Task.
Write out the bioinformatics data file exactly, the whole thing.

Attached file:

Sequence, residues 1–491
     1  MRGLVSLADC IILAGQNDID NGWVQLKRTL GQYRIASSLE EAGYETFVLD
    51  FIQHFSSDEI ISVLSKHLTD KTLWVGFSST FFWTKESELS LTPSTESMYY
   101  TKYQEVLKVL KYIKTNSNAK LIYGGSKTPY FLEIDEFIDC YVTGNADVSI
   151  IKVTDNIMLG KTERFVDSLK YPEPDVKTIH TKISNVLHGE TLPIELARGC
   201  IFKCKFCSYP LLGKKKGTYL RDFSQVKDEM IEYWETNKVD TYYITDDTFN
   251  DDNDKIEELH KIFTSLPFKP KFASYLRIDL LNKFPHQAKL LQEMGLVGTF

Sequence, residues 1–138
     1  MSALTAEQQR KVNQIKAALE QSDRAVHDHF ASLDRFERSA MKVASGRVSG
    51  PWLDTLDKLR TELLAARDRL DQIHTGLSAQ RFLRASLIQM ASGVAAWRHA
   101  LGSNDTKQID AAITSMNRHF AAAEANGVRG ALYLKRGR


Sequence, residues 1–491
     1  MRGLVSLADC IILAGQNDID NGWVQLKRTL GQYRIASSLE EAGYETFVLD
    51  FIQHFSSDEI ISVLSKHLTD KTLWVGFSST FFWTKESELS LTPSTESMYY
   101  TKYQEVLKVL KYIKTNSNAK LIYGGSKTPY FLEIDEFIDC YVTGNADVSI
   151  IKVTDNIMLG KTERFVDSLK YPEPDVKTIH TKISNVLHGE TLPIELARGC
   201  IFKCKFCSYP LLGKKKGTYL RDFSQVKDEM IEYWETNKVD TYYITDDTFN
   251  DDNDKIEELH KIFTSLPFKP KFASYLRIDL LNKFPHQAKL LQEMGLVGTF

Sequence, residues 1–138
     1  MSALTAEQQR KVNQIKAALE QSDRAVHDHF ASLDRFERSA MKVASGRVSG
    51  PWLDTLDKLR TELLAARDRL DQIHTGLSAQ RFLRASLIQM ASGVAAWRHA
   101  LGSNDTKQID AAITSMNRHF AAAEANGVRG ALYLKRGR